Ghosts

The room without my father was empty, but I saw it full of his memory. Sure there was still a desk and shelves up to the ceiling. Someone’s computer was set up and the same paper organizer that I bought him for Christmas one year was still sitting on the desk. But what was this room with no pictures cluttering the shelves and all the papers with his handwriting gone. His filing cabinet was there in the corner waiting, but no one would come to open it. All his trophies and thank-you plaques from the years he spent coaching sports were taken off the walls. Full of furniture, the room was missing its focal point, the reason it was set up in the first place.
My sisters don’t dare go in that room. They’ve taken everything they need out. I see them close the door if they walk by so they can pretend things are the same. I avert my eyes so that I won’t look expectantly in the room for my father. When I’m near his office I expect to hear him call out. I look for the signs that he may be there. The television playing baseball in the other room or the sounds of him working-the click clack of a keyboard or his pen scribbling on a sheet of paper.
My mother, however, spends all her time in this room. It surprises me each time I find her in there; before now my dad’s office would be the last place I would look for her. More than anything else, this is the most unnatural thing. Her presence is startling because of the raw longing that she impersonates. She in no way overpowers or lessens my father’s energy that can still be felt in every inch of his office. She is harmonious to the emptiness the room feels.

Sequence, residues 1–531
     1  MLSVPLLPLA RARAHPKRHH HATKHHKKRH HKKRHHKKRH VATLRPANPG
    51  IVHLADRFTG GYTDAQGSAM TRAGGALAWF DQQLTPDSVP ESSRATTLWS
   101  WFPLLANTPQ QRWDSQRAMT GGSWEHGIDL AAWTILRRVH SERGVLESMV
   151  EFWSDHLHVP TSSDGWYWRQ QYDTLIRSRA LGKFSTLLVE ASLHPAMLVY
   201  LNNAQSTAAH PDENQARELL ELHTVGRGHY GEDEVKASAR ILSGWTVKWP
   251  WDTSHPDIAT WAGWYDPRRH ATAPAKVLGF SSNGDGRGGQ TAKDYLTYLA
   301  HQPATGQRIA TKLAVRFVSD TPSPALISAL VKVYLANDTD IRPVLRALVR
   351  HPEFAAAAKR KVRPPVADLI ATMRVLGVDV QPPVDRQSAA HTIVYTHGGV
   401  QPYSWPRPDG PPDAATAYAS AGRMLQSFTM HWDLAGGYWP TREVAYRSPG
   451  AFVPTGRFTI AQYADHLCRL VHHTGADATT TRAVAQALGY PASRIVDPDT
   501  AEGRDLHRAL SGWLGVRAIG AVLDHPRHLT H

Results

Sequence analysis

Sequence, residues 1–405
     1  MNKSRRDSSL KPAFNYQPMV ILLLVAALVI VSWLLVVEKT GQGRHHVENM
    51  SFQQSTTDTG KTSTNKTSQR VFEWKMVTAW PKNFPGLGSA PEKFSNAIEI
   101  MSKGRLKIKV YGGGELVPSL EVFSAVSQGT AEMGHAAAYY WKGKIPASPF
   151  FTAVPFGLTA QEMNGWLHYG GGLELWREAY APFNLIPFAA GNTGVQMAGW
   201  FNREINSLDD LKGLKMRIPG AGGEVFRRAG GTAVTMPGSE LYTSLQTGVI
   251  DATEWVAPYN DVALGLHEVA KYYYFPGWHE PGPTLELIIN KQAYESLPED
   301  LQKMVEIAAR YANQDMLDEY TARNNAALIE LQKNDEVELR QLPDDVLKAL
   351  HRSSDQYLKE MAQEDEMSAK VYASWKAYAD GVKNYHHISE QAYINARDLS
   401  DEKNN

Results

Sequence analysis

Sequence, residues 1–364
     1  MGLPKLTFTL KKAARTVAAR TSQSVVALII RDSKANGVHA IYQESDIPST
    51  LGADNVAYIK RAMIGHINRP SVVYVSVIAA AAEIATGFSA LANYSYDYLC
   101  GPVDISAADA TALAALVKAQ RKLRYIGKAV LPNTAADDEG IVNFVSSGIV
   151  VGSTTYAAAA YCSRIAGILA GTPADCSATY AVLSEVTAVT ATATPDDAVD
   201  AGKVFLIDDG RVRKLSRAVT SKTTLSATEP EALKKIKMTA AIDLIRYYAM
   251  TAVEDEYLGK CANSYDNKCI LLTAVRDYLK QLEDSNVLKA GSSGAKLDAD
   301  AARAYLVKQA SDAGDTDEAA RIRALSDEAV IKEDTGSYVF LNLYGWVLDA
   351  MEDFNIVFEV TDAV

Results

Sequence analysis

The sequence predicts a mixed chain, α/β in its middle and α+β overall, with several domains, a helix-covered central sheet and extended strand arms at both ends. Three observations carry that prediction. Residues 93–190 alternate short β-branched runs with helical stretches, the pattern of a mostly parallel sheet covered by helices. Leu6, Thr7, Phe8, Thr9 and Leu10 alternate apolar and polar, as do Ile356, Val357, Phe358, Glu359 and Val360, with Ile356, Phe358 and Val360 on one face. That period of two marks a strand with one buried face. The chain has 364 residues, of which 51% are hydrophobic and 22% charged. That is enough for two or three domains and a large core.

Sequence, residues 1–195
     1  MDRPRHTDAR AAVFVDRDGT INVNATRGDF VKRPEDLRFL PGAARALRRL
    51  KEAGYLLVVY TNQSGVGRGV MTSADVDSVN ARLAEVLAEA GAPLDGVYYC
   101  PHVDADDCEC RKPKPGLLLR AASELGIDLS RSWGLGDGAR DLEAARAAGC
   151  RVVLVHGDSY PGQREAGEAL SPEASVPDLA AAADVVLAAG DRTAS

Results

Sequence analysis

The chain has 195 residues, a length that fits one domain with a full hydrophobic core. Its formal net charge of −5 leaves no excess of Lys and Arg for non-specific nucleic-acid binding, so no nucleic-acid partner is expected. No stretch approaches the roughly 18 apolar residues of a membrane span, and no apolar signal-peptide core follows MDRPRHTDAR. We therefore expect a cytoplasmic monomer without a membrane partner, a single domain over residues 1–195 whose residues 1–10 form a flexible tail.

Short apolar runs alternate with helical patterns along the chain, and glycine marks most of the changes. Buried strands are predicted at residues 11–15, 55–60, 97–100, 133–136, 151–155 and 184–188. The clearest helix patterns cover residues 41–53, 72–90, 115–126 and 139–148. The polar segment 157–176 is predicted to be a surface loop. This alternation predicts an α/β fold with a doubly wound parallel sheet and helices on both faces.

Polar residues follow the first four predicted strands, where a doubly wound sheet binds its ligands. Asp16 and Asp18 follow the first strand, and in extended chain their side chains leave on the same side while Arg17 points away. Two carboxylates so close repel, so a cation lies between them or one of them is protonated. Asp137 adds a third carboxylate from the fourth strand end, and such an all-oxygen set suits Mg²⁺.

In that room are all the Saturday mornings we spent working together while I was applying for colleges. There used to be the tickets from the seventh game of the World Series that my dad and I went to when the Diamondbacks won in 2001 and the ball he caught at the second game of the same World Series. All his hard work represented in the piles of paper and the thank-you trophies he has taken from the room, and all the late nights he spent working and planning in that room so that my family could live comfortably. He has this one room to show for all his work and he picked out the things he liked and took them with him. He has left us waiting outside the door, afraid to look in and see that he is not there. He has left my mother pacing over the carpet looking for him. But he has taken his accomplishments out of that room with him and left us a sad mess in the corner of our house. His years of toil that none of us can replace.





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